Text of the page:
Pippin: Congress Must Halt Military’s Monkey Use in Chemical Casualty Training
Later this month, a truck loaded with 20 monkeys is scheduled to rumble up the East Coast from Florida and unload its cargo at a Maryland Army base. These animals began life on the Caribbean island of St. Kitts but are slated to be repeatedly poisoned for years in the name of military training.
The truck will pass through state after state in which America’s best medical schools — Duke University, Johns Hopkins University and the University of Virginia, to name a few — are using high-tech human-based methods, not animals, to teach critical medical interventions.
The goal of the courses at the Army’s Aberdeen Proving Ground is to prepare medical personnel to respond to chemical or biological agent attacks. During the training exercise, vervet monkeys are injected with the drug physostigmine at a dose of 30 to 60 times the maximum FDA-recommended limit.
A crowd of trainees will then observe the resulting symptoms — violent seizures, excessive sweating and salivation, breathing difficulty, vomiting and diarrhea. At the end of each course, the monkey will be put back into solitary caging, where he will remain for as few as nine weeks before the whole painful process is repeated.
I recently filed a petition with the Army on behalf of the Physicians Committee for Responsible Medicine — a national nonprofit organization of physicians, scientists and laypersons — to stop this cruel and archaic use of monkeys. In this petition, we demonstrated that the monkeys involved are suffering immensely in courses that could easily be taught using human-based methods, such as high-fidelity medical simulation.
While the Pentagon has made a strong commitment to the development of advanced medical simulators, they have been slow to implement this new technology. It is time for Congress to step in and insist that Army medical leaders end the use of monkeys in these courses.
This should be a no-brainer for the Army. As a physician, I know you need to communicate with your patients to diagnose nerve-agent exposure early — before the most severe symptoms arise. You can’t do that with a monkey. First responders also need to detect pupil dilation, which may indicate nerve-agent poisoning, but that’s not possible in the Army’s courses because vervet monkeys lack a white sclera, the outer coat covering much of the eyeball.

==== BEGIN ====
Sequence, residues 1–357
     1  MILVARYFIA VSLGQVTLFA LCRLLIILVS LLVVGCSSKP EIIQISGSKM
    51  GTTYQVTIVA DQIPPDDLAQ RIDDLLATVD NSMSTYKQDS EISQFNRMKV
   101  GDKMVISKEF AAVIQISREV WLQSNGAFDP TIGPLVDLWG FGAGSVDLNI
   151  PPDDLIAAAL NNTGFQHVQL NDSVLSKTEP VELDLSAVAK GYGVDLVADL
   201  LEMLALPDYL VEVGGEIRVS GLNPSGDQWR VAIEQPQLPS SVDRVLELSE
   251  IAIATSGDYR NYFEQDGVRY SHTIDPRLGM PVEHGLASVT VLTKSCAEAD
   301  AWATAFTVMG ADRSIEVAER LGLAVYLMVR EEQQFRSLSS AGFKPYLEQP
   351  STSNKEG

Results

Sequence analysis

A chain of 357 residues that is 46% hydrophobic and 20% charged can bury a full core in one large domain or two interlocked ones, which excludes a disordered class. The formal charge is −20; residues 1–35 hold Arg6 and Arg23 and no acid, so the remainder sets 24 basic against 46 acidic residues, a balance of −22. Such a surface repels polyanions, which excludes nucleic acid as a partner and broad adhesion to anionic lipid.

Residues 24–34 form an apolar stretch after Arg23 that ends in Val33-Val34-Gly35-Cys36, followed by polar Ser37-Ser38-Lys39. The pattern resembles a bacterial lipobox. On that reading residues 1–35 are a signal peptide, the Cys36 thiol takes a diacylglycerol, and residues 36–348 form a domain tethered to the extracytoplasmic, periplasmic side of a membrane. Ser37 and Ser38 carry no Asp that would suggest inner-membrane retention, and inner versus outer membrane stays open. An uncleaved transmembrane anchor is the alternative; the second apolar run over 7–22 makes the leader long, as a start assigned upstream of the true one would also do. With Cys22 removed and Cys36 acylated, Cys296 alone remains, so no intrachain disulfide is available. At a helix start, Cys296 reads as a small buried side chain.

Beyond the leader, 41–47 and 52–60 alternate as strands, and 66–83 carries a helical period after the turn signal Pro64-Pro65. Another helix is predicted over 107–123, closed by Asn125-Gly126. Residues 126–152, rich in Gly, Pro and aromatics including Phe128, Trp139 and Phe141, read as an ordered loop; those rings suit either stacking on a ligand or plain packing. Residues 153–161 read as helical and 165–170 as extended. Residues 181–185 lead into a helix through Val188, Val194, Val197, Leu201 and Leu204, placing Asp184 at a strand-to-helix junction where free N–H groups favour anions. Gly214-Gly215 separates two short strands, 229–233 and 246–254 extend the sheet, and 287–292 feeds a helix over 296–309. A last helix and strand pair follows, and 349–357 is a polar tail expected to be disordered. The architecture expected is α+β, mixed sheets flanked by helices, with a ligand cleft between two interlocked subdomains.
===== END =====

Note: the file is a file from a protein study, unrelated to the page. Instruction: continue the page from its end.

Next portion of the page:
Monkeys suffer during the procedure and afterward in their cages. According to veterinary records obtained by PCRM through the Freedom of Information Act, monkeys have been injected on multiple occasions with the drug after anesthesia has worn off and have had prolonged complicated recoveries after the training sessions. Between courses, monkeys have been found suffering from severe weight loss, serious dental problems, missing toes, unexplained vomiting and bleeding.
It would be difficult for the Army to justify this suffering under any circumstances, but what is even more perplexing is that this training method continues despite the availability of educationally superior, human-centered methods. Advanced medical simulators are vastly more effective at training medical personnel to respond to nerve-agent attacks.
These high-fidelity manikins, which have been validated and used at Harvard University and Johns Hopkins, as well as by the Israel Defense Forces, are modeled directly on the human body. These “patients” talk, bleed and vomit, and their pupils dilate. Trainees can help them breathe and administer antidotes, allowing a truly interactive, hands-on experience.
Compare that to the monkey lab, in which seven to 10 trainees crowd around a single animal and observe as the attending veterinarian performs the majority of the procedures.
There is no justification for continuing this cruel and unusual use of monkeys — animals who we know experience pain, suffering, familial bonds and friendship. Congress must push the Army to move toward superior methods to end this inhumane practice and ensure that troops receive the best training available.
Dr. John Pippin is the director of academic affairs with the Physicians Committee for Responsible Medicine.